OTP means random things depending who you’re talking to. If you look it up on Urban Dictionary, it’s all about favorite character duos like Katniss and Peeta or Hermione and Ron. Over in tech geek land OTP means one-time-password, like your pin number or HSBC’s universally detested security device. If you confuse it with OPP, well, that’s another issue entirely.
But in my super boring world? OTPs mean only one thing: an airline’s on-time performance. Essentially, an on-time arrival is generally considered to be any flight that gets to the gate less than 15 minutes after the scheduled arrival time. You want to take airlines with high OTPs, because it means they’re consistently on time across the board.
In Asia, it seems like airports and airlines run a pretty tight ship. But when I travel back to the US, I cannot count the hours I’ve lost sitting in Chicago O’Hare or Dallas Fort Worth waiting for a plane to arrive and/or or take off. There’s always something getting in the way: engine maintenance, snow storms, hail storms, rain storms, a non-existent pilot (true story), a missing child (true story), a missing passport (this one’s my fault), an overhead compartment that’s currently held together with duct tape (true story)… the excuses are endless. And if you have tried to go through hours-long security or immigration in the US, then it’s probably fair to assume that the rest of the airport systems must be just as inefficient.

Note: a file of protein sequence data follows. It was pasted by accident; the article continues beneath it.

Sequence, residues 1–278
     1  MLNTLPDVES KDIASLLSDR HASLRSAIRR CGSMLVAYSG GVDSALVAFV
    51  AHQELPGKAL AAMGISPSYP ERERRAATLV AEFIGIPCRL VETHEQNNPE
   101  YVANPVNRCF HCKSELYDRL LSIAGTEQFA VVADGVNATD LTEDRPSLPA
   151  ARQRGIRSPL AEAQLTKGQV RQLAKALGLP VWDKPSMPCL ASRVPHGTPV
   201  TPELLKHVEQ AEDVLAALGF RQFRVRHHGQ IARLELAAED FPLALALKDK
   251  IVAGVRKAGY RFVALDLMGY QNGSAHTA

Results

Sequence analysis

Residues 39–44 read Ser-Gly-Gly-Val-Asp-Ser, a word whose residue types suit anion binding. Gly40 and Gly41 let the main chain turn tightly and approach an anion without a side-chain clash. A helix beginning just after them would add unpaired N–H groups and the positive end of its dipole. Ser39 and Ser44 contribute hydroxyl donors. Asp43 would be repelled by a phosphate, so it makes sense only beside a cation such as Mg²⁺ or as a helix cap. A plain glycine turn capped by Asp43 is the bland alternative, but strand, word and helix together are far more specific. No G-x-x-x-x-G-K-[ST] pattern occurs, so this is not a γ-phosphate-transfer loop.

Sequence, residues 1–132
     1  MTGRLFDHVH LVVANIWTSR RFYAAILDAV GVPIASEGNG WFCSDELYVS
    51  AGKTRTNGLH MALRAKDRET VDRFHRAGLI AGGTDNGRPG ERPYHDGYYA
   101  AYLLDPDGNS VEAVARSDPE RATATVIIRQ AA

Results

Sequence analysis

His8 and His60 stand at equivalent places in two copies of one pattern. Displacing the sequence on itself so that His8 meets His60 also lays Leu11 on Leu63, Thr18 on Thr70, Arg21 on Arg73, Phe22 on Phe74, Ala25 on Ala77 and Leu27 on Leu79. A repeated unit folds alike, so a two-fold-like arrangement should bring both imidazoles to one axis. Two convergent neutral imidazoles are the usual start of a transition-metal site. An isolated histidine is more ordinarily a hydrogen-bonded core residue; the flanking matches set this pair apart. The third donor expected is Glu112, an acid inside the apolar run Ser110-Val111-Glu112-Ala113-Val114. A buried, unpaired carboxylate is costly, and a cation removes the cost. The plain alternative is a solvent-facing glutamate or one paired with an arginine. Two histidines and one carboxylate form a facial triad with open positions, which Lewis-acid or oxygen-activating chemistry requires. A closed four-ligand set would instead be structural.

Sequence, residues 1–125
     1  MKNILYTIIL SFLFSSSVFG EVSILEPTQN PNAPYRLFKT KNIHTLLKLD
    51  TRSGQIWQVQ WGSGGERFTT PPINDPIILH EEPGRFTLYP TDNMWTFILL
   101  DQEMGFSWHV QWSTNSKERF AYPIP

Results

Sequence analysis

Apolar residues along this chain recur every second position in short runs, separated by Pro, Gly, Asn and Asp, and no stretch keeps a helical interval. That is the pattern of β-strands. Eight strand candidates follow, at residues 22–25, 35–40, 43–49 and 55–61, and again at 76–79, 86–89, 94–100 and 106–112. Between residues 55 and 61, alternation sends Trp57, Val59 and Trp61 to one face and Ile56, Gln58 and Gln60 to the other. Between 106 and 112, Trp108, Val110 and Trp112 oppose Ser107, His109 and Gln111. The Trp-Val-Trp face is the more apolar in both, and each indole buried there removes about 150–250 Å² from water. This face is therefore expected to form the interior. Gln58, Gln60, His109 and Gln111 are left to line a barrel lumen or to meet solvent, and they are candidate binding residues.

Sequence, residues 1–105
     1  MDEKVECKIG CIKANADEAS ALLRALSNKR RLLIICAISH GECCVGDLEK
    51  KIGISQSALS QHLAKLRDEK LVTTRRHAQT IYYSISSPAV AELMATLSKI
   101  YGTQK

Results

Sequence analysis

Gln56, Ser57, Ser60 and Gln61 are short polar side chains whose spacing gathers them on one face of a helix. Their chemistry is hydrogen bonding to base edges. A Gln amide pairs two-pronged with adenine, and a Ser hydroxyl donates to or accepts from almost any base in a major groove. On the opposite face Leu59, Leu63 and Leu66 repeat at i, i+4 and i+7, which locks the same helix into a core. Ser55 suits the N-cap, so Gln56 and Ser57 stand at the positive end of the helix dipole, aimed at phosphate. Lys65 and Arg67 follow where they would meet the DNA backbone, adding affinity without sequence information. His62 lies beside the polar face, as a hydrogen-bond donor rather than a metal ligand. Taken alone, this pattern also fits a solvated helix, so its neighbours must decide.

But I wanted to know if there is any truth to my assumption that North American air travel is always as slow as molasses. To figure it out for sure, I browsed through FlightStat’s Airline On-time Performance Service (OPS) Awards 2015, which tracked 90,000 flights to ranks airlines from all over the world. The website is the go-to for independent airline stats — it’s a treasure trove of historic data and real-time flight info, if you’re into that kind of thing.
Here’s what I found in terms of the top 3 most on-time airlines in Asia, in 2015:
And over in North America?
So what do we have here? The best performers in North America are actually pretty much in line with Asia’s best OTPs. But as for on-time departures (a flight that takes off within 15 minutes of schedule departure schedule), Asia airports were far more impressive in April 2016.
There were four Asia-Pacific airports in the top 10: Brisbane is No. 1 with a 93.58% on-time departure rate, followed by Istanbul (No. 2), Tokyo (No. 3) and Sapporo (No. 6). Meanwhile, there are only two North American airports — Vancouver (No. 7) and Salt Lake City, Utah (No. 8).
Moral of the story: If you want to arrive on time, go to Japan or Australia. If you want to take off on time, go to Australia, Istanbul or Tokyo. If you want to travel in North America on time, go to Alaska, Vancouver or Utah — and nowhere else. I’ll take travel inspiration from wherever I can get it, even buried under a mountain of stats.